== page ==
Healthy datasets are the cornerstone of effective AI initiatives

The advent of artificial intelligence in healthcare, and its embrace by provider organizations, large and small, eager to explore its transformative potential, has come quickly. And it has come with a steep learning curve.

That’s led to an interesting conundrum recently, says Richard Cramer, chief strategist for healthcare and life sciences at Informatica: Most health systems are, organizationally and attitudinally, “ready for AI,” he said. “But their data isn’t.”

At HIMSS24 earlier this month, Cramer spoke alongside Anna Schoenbaum, vice president of applications and digital health at Penn Medicine, and Sunil Dadlani, chief information and digital officer at Atlantic Health System (where he also serves as CISO).

They explored how hospitals and health systems should approach the process of assessing how artificial intelligence and automation can fit into their organizations, and how to start new AI initiatives and enhance existing ones as they scale up projects across the enterprise.

Despite all the buzz and excitement about generative AI, it’s important to stick with the basics, said Cramer.

“I think the enthusiasm around ChatGPT makes people think that it’s something intrinsically new,” he said. “But we, as an industry, have been doing AI for a long time.”

And a core lesson from years of experience is that any AI or machine learning project needs one essential prerequisite: “accessible, trustworthy, fit-for-purpose data.”

What does trustworthy mean? “It’s all about transparency, right? I need to know where the data came from, everything that happened was on its way from source to being consumed,” Cramer explained.

“I’m a lifelong data analyst, and one of the things that I like to say is that if you’re transparent, I can disagree with your conclusion and still trust you, because I know what all your assumptions and everything are. But if you’re not transparent, I probably will never trust you, even if I agree with what your conclusion is.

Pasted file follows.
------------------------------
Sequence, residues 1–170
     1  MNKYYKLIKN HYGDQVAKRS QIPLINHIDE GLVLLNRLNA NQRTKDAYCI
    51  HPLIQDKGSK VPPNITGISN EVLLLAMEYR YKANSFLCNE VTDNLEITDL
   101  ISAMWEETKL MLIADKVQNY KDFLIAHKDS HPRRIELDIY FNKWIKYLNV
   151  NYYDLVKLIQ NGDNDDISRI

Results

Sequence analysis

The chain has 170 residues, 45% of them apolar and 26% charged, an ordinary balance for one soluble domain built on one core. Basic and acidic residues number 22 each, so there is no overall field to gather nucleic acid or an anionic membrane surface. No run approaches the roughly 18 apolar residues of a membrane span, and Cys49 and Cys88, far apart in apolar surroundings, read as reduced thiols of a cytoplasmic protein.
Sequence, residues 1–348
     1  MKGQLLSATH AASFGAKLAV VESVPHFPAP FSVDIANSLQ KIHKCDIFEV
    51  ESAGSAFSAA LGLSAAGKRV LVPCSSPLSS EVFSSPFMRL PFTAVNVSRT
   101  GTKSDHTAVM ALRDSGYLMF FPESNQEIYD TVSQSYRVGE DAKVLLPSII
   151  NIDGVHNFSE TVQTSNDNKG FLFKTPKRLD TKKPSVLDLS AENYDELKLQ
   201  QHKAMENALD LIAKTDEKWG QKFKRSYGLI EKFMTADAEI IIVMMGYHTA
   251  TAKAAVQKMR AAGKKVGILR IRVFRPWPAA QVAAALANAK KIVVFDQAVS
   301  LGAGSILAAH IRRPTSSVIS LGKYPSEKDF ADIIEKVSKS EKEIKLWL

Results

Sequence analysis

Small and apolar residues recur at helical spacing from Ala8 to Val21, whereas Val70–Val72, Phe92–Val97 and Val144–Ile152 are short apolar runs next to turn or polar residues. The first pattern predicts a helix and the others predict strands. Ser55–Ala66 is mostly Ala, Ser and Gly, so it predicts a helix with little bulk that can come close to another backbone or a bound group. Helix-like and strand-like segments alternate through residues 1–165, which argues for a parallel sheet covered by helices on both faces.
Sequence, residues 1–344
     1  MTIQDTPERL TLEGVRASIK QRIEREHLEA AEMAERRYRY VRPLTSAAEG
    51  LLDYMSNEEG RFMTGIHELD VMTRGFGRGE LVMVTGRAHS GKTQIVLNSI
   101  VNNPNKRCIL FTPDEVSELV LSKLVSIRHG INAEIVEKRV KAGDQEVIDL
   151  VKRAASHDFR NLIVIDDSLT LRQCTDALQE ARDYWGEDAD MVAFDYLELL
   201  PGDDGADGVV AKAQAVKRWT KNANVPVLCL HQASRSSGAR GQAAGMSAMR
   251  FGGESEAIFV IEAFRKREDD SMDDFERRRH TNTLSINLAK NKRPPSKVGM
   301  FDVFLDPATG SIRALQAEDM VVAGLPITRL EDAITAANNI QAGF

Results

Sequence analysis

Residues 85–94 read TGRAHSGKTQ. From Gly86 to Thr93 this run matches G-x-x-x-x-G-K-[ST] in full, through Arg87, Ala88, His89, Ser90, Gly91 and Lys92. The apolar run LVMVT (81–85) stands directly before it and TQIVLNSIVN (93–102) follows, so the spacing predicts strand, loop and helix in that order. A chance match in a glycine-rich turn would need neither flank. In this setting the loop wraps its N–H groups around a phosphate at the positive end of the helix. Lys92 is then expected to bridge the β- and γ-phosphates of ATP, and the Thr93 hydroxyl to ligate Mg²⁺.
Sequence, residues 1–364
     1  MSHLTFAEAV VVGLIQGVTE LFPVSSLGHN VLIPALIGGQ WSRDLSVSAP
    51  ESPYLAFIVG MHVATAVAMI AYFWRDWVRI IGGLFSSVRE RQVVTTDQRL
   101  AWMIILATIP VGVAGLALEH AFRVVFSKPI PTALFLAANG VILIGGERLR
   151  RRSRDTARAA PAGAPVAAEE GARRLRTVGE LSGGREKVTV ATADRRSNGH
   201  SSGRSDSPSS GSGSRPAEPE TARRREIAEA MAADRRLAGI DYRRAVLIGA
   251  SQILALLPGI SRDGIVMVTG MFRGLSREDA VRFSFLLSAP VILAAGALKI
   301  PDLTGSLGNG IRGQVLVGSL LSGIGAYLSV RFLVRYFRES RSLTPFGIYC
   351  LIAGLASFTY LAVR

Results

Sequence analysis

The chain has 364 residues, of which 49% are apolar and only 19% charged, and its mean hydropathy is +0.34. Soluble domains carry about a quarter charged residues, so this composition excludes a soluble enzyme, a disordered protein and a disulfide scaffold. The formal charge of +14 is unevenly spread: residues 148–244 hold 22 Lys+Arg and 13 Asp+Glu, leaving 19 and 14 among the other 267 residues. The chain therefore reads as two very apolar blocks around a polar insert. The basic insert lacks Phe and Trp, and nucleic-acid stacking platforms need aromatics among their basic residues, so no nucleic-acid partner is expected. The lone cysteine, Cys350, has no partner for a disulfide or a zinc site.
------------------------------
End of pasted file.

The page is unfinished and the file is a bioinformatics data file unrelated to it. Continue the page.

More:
“I think that really applies to what we’re talking about with AI,” he added. “Data doesn’t need to be perfect to be useful. But you don’t ever want to use data that’s not perfect and not know it.”

Dadlani teased out some key differences between the traditional AI that has been worked on for decades at health systems, and the new generative AI that’s currently at the tippy-top of the Gartner Hype Cycle.

“Traditional AI is just more deterministic, it’s trained for specific tasks,” he explained. “It’s more related to predictive analytics based on the data that you have in the real-world data. And I would say that traditional AI has become very mature in certain use cases where the output is more interpretable, more explainable, and it has matured and adopted across clinical and nonclinical areas.

“Whereas when you talk about generative AI, the way we differentiate is it’s more probabilistic, not deterministic. It’s self-learning, self-improving. It’s more about generalized solutions rather than a specific solution. It can learn, it can scale on its own.”

That “comes with its own risk, an explainability risk,” said Dadlani. “Because typically, generative AI are based on very advanced deep neural networks that are based on large language models. So the explainability and the interpretability of these AI models is really opaque.”

At Penn Medicine, data scientists have been working on AI for a long time, but genAI is “coming at a fast pace,” said Schoenbaum. “We do have processes in place, whether it is AI, predictive models or generative AI, into the same workflow. But what we’re trying to figure out is how to put policies and guardrails in place, and support model governance.”

Well-governed data is “absolutely important,” she said – and that requires robust interoperability, and information sharing with other healthcare organizations.

“You can’t just work within your own health system,” said Schoenbaum. “You’ve got to work regionally, in the community. You have to make sure that data is shareable with the right definition, because I think that’s how we can leverage the data in order to feed these systems.”

But when it comes to data governance, that “should be within your own organization,” she said. “As you add things, somebody should be monitoring, as well as who gets access to that data and make sure that data is protected. It is all about the patient, but it needs to be shared across institutions in order to get the better benefits.”

Mike Miliard is executive editor of Healthcare IT News
Email the writer: [email protected]
Healthcare IT News is a HIMSS publication.

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